News Former LastPass users, take notice.
Proton has spent the last few years offering privacy-focused alternatives to common apps and services. There’s Proton Mail, for example, along with Proton Drive, Calendar, and VPN. So, today’s news doesn’t come as much of a surprise—Proton is launching a password manager.
This password manager, called Proton Pass, was largely developed by the SimpleLogin team that Proton absorbed last year. It follows a freemium business model, meaning that while Proton Pass is free to use, its best features are hidden behind a subscription.
Like other Proton services, Proton Pass is protected from top to bottom with end-to-end encryption. Even innocuous data, such as web links, are encrypted. A user key is required to access Proton Pass data, and Proton emphasizes that all encryption occurs locally, without the cloud. (So, even if Proton is hacked, user data shouldn’t be compromised.)
And Proton couldn’t announce this product at a better time. We’re still reeling from LastPass’ data breach, which exposed customers’ personal information (including passwords). The LastPass data breach occurred because hackers obtained a “backup of customer vault data,” something that Proton Pass explicitly tries to avoid. So, I imagine that Proton Pass will attract a lot of former LastPass users.
As for actual features, Proton Pass can save login credentials and notes (credit card support isn’t confirmed, though I see what looks like a credit card icon in the image at the top of this article). Proton Pass can generate passwords when needed, and it integrates with Proton Mail’s aliases feature to create fake email addresses on the fly (which redirect mail to your normal inbox without revealing your identity).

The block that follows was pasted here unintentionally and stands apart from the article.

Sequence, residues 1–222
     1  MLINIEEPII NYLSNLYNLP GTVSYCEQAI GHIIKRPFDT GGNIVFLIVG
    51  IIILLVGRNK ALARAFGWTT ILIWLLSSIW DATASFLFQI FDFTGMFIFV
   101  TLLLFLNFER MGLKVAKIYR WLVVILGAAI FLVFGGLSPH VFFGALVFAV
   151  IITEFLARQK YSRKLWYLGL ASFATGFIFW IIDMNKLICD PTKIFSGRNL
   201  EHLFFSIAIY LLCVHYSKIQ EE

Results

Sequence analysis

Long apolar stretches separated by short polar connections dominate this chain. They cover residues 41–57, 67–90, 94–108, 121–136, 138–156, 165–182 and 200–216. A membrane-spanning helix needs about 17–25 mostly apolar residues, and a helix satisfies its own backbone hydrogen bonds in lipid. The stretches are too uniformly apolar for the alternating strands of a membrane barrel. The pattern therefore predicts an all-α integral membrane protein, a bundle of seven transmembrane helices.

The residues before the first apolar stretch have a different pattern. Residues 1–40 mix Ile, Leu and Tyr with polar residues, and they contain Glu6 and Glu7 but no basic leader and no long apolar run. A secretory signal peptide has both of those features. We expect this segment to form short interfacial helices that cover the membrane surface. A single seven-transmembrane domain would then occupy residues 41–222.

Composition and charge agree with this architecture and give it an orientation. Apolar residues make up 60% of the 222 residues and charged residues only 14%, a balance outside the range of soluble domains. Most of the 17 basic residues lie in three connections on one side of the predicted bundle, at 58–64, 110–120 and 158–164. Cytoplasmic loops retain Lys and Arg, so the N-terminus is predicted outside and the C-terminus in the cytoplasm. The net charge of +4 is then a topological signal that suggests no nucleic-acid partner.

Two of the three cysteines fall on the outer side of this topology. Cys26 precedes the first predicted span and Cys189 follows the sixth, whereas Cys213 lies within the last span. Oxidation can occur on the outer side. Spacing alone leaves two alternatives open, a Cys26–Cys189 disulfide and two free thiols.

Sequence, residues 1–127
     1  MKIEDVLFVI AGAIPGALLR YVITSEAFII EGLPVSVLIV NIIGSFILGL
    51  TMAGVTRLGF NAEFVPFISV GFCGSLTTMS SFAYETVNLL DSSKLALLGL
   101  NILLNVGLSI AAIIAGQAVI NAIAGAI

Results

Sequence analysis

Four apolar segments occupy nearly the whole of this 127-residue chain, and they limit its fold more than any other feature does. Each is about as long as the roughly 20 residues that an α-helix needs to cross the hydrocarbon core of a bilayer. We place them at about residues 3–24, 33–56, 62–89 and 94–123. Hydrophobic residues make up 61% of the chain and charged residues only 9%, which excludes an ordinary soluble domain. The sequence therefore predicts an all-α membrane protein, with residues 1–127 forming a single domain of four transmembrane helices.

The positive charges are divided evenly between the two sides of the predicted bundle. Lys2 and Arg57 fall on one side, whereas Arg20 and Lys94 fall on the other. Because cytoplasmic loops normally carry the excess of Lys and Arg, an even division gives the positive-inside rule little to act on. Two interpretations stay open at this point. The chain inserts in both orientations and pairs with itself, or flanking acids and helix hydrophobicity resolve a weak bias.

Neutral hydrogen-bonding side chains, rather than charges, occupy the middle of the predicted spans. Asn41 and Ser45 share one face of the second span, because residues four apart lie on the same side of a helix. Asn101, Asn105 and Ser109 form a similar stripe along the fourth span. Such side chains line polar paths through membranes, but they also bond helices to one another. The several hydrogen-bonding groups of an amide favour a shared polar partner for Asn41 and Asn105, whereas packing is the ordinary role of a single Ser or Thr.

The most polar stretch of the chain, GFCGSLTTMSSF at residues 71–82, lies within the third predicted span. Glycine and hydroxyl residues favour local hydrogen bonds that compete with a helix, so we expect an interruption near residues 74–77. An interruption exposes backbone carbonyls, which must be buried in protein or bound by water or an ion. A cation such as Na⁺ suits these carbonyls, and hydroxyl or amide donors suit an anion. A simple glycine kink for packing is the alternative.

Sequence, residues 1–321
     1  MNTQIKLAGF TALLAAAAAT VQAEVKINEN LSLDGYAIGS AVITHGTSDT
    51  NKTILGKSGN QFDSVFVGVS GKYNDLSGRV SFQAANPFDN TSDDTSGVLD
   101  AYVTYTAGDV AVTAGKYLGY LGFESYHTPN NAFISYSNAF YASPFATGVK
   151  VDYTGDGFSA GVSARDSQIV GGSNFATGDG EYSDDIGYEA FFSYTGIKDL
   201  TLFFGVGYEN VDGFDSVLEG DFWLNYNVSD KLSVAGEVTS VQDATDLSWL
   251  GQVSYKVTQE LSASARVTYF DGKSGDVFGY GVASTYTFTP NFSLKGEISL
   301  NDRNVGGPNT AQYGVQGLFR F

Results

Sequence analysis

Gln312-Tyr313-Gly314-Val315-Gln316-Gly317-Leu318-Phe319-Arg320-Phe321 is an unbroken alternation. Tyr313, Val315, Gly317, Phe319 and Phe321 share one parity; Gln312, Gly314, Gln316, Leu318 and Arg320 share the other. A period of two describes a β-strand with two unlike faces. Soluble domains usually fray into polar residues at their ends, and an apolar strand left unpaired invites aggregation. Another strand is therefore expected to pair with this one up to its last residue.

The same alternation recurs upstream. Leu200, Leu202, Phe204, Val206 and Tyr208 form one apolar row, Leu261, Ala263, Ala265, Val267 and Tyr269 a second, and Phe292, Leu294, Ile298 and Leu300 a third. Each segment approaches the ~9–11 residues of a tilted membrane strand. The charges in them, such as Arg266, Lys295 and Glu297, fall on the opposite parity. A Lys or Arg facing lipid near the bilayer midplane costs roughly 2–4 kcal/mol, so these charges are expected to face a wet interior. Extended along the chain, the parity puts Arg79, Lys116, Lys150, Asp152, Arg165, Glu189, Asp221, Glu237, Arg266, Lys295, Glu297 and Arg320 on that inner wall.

I should also note that you can use Proton Pass as a two-factor authenticator. This feature is commonly offered with other password managers (such as 1Password), but frankly, it’s a feature I’ve never had much luck with. Dedicated authenticator apps tend to work better.
Proton Pass is now available in beta as a browser extension, Android app, and iOS app. But it’s only open to users with a lifetime Proton plan (users with a legacy Visionary plan will gain access soon). Once it actually launches, Proton Pass will follow a freemium model. It will also be included in the
Andrew is the News Editor for Review Geek, where he covers breaking stories and manages the news team. He joined Life Savvy Media as a freelance writer in 2018 and has experience in a number of topics, including mobile hardware, audio, and IoT.
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